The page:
12 of 13 people found the following review helpful
5.0 out of 5 stars Darkly Mesmerizing 24 Mar 2011
By Arwen - Published on Amazon.com
Format:Hardcover|Vine Customer Review of Free Product (What's this?)
There is a darkness to this children's book. Suggested for ages 10 and up, I think it is a book many adults will want to examine as well. The words remind me a bit of Shel Silverstein's voice--from his ABZ's book, really.

In "The Lost Thing" the backdrop to the melancholy tale has a steampunk feel to it. Mechanical gadgets, strange buildings and seemingly unfeeling people populate this world. This was my favorite of the three stories. I think tweens will identify with the young man who isn't listened to but sees things others do not. It's a reminder to stay observant and not get too self-focused.

The opening story didn't work as well for me simply because it seemed far too heavy on the gloomy. This one had more of a Gothic overtone to me with dark leaves dotting the opening pictures. Throughout this story, really pay attention to what is happening in the pictures.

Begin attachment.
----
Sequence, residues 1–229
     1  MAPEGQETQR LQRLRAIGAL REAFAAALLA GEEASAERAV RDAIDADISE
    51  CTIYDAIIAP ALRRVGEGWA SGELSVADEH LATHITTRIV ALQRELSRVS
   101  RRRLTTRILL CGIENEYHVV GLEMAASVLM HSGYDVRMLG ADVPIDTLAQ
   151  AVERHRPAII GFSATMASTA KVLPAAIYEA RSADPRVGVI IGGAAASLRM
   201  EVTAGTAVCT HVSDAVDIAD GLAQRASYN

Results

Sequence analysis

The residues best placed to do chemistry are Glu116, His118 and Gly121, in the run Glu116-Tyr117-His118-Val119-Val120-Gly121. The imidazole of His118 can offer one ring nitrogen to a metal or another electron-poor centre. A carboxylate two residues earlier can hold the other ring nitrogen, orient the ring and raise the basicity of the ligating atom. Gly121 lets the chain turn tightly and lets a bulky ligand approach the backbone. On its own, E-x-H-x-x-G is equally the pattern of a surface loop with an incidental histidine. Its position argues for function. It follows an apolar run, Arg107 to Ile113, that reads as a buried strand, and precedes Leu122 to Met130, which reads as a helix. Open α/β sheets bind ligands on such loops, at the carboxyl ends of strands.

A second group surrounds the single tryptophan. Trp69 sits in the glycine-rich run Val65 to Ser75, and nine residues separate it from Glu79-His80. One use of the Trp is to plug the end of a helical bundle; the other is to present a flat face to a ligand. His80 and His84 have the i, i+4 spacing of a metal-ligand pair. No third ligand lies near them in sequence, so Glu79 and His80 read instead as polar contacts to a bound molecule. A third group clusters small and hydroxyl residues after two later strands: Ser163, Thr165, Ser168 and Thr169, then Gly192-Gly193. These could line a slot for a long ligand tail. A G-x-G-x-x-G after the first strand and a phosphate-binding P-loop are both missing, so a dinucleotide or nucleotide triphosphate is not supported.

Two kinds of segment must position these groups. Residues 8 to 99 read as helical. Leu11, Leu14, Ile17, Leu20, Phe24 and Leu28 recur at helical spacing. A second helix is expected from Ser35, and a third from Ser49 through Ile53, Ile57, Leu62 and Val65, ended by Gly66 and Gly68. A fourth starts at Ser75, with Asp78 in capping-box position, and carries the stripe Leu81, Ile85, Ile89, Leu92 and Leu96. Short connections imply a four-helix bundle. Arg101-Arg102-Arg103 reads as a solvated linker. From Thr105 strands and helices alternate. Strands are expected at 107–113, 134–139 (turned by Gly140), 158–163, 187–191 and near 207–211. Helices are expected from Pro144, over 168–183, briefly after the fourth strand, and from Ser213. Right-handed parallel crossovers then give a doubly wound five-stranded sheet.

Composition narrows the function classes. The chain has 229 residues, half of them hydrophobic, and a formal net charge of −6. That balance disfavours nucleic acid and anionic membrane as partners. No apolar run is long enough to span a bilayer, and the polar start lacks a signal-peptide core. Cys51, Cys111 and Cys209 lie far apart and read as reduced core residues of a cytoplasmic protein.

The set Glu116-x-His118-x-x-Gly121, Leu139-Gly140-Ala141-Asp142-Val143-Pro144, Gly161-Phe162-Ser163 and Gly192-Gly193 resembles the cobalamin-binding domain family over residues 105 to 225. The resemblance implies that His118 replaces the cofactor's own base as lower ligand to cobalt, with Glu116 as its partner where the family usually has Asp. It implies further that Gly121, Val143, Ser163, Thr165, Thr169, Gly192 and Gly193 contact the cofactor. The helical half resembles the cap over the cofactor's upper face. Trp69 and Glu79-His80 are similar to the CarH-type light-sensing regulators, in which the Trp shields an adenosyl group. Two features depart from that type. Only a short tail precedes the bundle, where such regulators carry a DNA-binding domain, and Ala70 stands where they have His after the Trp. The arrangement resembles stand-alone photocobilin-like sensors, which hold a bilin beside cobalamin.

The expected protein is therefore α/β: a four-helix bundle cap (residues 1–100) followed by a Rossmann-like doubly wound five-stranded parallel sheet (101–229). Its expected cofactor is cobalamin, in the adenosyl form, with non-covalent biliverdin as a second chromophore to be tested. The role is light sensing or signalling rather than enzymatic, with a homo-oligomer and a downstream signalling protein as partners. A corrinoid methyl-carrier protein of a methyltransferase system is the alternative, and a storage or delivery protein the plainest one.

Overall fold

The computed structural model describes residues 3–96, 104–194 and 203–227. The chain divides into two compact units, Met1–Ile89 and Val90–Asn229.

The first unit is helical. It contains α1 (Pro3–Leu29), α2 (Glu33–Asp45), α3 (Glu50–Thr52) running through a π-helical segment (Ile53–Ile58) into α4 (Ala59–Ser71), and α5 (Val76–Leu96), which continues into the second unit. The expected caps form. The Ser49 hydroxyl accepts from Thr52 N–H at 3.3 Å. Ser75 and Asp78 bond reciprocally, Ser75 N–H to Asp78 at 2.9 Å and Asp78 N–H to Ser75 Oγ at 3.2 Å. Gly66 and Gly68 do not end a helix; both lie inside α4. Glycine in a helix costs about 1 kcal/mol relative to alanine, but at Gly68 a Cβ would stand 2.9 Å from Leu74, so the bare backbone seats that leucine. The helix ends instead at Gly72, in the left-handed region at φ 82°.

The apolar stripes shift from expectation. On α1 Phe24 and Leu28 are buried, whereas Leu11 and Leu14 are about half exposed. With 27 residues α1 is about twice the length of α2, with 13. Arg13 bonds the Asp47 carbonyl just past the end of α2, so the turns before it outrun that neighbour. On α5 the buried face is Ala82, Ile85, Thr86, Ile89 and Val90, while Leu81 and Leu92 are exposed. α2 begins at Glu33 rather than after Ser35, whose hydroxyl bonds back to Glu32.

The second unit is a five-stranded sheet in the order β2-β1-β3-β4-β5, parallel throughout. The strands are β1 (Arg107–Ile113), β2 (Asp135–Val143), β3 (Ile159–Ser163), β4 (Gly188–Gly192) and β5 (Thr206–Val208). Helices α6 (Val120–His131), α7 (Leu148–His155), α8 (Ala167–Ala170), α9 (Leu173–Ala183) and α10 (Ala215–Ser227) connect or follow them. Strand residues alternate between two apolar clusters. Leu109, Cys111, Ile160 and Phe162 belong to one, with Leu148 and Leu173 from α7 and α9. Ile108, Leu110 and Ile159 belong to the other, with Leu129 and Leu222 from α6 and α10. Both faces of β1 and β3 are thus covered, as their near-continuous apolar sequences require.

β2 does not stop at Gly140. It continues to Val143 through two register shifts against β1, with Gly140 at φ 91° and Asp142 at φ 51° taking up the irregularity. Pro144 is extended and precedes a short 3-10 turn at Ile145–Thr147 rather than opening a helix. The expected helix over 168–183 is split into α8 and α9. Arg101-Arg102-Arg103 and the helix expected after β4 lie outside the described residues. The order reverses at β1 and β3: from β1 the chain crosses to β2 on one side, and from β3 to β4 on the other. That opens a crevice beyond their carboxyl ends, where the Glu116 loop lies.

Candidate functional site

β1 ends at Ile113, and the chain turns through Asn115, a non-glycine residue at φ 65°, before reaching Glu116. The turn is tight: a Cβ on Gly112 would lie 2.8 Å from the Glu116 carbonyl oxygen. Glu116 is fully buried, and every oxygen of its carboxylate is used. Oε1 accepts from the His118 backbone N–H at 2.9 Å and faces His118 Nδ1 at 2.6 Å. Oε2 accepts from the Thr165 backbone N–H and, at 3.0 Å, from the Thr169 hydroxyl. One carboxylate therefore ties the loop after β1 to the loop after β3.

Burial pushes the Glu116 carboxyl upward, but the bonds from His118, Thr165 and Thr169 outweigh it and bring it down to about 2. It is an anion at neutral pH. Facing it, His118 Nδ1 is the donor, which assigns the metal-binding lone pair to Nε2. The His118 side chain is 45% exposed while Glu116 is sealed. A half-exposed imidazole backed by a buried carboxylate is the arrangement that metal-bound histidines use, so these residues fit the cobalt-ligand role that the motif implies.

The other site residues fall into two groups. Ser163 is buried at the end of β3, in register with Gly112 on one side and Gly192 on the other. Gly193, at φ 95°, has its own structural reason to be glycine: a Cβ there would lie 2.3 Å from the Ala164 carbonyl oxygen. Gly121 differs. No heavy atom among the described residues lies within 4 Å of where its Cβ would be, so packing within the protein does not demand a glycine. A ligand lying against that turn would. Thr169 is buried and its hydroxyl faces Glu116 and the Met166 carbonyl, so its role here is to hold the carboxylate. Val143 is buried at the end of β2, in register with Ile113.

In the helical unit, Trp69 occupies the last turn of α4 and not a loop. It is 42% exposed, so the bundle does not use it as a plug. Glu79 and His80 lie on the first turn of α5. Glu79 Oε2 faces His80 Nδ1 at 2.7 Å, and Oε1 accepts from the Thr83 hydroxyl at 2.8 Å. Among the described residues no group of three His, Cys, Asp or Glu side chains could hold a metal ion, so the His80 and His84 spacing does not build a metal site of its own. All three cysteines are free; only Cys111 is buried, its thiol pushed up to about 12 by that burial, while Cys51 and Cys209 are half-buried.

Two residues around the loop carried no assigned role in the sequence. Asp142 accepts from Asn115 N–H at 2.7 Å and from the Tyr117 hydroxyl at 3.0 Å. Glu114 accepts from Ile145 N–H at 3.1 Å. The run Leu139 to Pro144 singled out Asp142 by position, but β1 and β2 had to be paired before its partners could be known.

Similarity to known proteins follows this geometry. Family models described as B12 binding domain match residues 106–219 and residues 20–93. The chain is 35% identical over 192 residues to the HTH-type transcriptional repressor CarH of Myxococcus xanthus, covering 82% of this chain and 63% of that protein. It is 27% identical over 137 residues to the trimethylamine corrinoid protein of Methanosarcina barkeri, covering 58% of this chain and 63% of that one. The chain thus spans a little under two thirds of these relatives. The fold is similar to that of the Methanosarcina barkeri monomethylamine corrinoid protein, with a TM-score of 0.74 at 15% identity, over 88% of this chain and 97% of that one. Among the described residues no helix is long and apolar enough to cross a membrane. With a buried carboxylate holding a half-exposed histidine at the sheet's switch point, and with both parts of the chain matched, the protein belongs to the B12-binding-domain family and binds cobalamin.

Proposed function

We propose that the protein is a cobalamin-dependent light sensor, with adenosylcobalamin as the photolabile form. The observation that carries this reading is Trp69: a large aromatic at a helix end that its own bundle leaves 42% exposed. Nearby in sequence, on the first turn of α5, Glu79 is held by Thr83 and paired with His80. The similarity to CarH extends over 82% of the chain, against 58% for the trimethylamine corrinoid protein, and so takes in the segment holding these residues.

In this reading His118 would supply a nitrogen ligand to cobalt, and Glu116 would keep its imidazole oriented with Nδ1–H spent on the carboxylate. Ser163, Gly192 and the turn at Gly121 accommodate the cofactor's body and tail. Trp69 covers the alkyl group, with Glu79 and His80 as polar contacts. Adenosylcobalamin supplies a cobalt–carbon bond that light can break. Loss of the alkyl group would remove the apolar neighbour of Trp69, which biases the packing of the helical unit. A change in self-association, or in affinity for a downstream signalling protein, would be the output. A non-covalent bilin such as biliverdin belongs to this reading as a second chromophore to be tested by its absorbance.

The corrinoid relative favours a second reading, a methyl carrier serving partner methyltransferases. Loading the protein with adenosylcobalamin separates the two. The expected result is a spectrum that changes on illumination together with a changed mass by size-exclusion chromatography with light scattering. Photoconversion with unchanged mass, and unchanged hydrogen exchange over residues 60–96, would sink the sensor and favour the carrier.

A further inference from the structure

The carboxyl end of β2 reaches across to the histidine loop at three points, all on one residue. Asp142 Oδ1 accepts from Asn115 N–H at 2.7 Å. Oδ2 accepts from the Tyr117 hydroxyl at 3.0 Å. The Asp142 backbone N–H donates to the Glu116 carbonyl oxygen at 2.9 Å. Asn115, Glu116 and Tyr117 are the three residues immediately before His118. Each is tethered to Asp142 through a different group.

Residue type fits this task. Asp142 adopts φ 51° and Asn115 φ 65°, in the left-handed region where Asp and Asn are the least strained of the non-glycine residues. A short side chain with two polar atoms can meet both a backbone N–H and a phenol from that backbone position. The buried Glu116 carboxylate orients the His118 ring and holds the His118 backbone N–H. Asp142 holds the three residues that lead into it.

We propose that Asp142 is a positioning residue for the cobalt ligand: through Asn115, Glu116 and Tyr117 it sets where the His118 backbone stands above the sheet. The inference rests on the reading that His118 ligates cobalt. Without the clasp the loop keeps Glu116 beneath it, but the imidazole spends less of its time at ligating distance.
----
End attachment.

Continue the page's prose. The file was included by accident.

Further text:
And then the illustration of "The Rabbits" by Robert Marsden is brilliant. It would make a very good teaching tool to talk about colonization and aboriginal peoples' losses. It is sad and unflinchingly honest.

The theme of lost and found in this book is well established. Sadly, I feel that there was more lost than found overall. This is a book I will return to again. It leaves an indelible mark on you the moment you open it.

Visually, it's stunning. The graphic novel feel will appeal to many young readers who may appreciate the visual affect. I recommend this book to anyone who has an intelligent, seeking child. You won't be disappointed.
7 of 7 people found the following review helpful
2.0 out of 5 stars I highly recommend AGAINST this as a child's book 24 Nov 2012